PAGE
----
November 5, 2021
The Philippine government continues to implement policies to ensure affordable food prices and support the transport sector, the National Economic and Development Authority (NEDA) said.
As reported by the Philippine Statistics Authority (PSA) today, the headline inflation rate eased to 4.6 percent in October 2021 from 4.8 percent in September 2021. This is at the lower end of the Bangko Sentral ng Pilipinas’ forecast range of 4.5 to 5.3 percent for October 2021.
Food inflation further slowed down to 5.6 percent in October 2021 from 6.5 percent in September due to the decline in vegetables, fish, and meat inflation.
Vegetable inflation fell to 11.4 percent from 16.2 percent. Likewise, fish inflation decelerated to 9.5 percent in October from 10.2 percent in September 2021. Rice inflation also remained low and stable, at only 0.5 percent in October.
Meanwhile, meat inflation eased to 11.9 percent in October 2021 from 15.6 percent in the previous month. This was primarily driven by the decline in pork inflation to 23.3 percent from 36.4 percent, following the issuance of Executive Order Nos. 133 and 134 in May 2021 to help address pork supply shortages due to the African Swine Fever (ASF).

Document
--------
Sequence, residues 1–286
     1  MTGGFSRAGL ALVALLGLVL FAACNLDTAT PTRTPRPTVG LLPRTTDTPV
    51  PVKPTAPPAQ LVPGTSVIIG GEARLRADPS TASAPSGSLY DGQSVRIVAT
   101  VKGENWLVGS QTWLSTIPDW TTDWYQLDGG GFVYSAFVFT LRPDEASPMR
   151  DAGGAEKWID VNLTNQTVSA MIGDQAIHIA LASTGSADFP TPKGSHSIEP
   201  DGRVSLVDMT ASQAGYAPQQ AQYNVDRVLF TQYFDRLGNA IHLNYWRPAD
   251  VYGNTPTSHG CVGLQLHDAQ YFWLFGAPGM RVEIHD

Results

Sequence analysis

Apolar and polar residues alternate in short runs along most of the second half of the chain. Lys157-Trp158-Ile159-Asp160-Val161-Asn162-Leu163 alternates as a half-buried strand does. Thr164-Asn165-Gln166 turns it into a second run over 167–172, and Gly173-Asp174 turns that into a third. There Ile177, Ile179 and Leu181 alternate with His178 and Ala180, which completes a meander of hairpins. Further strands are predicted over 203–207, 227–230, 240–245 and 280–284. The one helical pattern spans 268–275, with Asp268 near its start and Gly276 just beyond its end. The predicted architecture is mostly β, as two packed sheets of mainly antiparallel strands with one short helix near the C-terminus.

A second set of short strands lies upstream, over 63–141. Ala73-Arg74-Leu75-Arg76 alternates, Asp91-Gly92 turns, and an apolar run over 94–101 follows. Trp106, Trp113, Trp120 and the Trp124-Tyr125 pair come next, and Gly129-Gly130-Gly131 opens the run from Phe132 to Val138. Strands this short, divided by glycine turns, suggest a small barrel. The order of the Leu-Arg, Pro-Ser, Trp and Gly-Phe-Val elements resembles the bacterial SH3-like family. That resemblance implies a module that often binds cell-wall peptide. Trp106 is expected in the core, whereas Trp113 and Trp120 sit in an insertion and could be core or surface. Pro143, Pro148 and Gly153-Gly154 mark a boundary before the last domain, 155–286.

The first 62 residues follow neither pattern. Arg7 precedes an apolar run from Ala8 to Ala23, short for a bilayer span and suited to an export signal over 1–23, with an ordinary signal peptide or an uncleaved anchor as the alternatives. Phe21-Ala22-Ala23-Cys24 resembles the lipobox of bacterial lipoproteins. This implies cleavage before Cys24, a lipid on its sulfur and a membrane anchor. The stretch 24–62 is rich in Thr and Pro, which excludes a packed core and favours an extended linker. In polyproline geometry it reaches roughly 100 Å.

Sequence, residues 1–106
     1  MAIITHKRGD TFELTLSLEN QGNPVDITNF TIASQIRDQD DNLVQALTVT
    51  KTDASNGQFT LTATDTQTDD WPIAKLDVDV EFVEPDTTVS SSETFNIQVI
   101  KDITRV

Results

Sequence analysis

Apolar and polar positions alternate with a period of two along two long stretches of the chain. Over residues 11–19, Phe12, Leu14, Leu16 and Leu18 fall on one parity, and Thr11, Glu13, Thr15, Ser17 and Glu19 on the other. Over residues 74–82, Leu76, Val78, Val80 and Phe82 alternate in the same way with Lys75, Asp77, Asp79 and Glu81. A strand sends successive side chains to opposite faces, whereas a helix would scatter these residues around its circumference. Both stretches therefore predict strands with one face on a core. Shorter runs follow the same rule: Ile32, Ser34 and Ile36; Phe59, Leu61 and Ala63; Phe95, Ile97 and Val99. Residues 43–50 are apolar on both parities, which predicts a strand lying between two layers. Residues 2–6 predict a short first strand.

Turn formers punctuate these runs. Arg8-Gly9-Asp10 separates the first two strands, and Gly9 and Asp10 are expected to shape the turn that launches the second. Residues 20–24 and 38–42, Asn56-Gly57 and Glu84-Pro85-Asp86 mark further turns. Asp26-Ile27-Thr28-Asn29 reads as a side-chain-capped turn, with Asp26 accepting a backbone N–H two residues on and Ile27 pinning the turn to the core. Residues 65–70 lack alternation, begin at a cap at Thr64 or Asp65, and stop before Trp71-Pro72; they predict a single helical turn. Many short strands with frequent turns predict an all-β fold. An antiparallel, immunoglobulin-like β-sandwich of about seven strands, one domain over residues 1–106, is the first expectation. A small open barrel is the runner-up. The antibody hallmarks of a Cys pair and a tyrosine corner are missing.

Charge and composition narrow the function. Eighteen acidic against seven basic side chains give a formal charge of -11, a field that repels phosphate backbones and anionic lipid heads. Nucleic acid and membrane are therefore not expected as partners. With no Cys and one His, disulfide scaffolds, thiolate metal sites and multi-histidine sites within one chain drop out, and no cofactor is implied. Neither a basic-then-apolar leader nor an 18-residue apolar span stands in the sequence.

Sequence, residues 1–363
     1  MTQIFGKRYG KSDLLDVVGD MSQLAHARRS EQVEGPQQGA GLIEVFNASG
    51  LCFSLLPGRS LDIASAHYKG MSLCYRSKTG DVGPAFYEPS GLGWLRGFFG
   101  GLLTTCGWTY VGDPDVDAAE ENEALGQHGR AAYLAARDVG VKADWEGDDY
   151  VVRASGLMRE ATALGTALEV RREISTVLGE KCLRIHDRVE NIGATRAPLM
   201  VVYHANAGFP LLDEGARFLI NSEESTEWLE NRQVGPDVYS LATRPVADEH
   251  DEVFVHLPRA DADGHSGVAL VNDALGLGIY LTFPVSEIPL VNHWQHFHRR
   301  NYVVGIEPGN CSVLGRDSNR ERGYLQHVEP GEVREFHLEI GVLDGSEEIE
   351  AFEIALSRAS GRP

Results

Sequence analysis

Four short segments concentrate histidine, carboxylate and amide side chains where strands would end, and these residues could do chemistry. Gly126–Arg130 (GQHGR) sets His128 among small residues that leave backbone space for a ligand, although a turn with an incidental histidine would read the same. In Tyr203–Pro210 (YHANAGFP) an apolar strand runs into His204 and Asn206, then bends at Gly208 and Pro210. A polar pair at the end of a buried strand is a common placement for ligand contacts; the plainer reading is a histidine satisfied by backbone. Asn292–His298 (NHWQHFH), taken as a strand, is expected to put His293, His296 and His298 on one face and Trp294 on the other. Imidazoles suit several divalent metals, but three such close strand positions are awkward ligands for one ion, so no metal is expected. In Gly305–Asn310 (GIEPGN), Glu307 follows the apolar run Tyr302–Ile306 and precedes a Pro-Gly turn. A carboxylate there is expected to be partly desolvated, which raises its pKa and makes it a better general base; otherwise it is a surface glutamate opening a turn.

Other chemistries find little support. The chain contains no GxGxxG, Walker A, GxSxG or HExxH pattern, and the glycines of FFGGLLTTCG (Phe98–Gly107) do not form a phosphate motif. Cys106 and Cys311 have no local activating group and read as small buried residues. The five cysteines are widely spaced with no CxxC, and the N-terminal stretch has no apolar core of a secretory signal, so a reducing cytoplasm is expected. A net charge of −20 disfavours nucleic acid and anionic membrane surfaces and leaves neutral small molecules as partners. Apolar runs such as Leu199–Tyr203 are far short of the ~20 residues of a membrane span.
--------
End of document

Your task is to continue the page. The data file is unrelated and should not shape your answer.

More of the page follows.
On a month-on-month basis, pork prices fell by an average of 4.1 percent from September, its largest drop since the height of the ASF in 2020.
To help further bring down pork prices to pre-ASF levels, the Department of Agriculture issued Memorandum Circular No. 23, Series of 2021 on October 25. The circular addresses the low utilization of the pork minimum access volume (MAV) plus by allowing the distribution of imported pork to areas outside the NCR Plus.
“One of the government’s highest priorities amid the mobility restrictions is to ensure stable access to affordable food. The temporary importation of pork has worked in the National Capital Region. We need to leverage this momentum to allow unhampered supply to the wet markets and to all the regions,” said Socioeconomic Planning Secretary Karl Kendrick T. Chua.
On the other hand, non-food inflation increased from 3.3 percent to 3.8 percent, driven by higher world market prices for oil.
Transport inflation accelerated from 5.2 percent to 7.1 percent, primarily due to the uptick in private transport inflation from 16.7 percent to 25.5 percent. However, public transport inflation remained low at 1.2 percent as fares were regulated.
To help public utility vehicle (PUV) drivers cope with rising fuel prices, the government has provided cash grants amounting to 1 billion pesos for some 178,000 eligible drivers for the remainder of the year.
The Inter-Agency Task Force has also approved the increase of passenger capacity for PUVs in Metro Manila and adjacent provinces from 50 percent to 70 percent, starting November 4, amid the declining number of COVID-19 cases. This increase in transport capacity will enable drivers to earn more income while making it easier for people to travel.
“Many countries, particularly net oil importers such as the Philippines, are feeling the impact of the rising world oil prices. We will continue monitoring the global developments so we can urgently respond to the impact of elevated oil prices on ordinary Filipinos, especially our PUV drivers,” said Chua.
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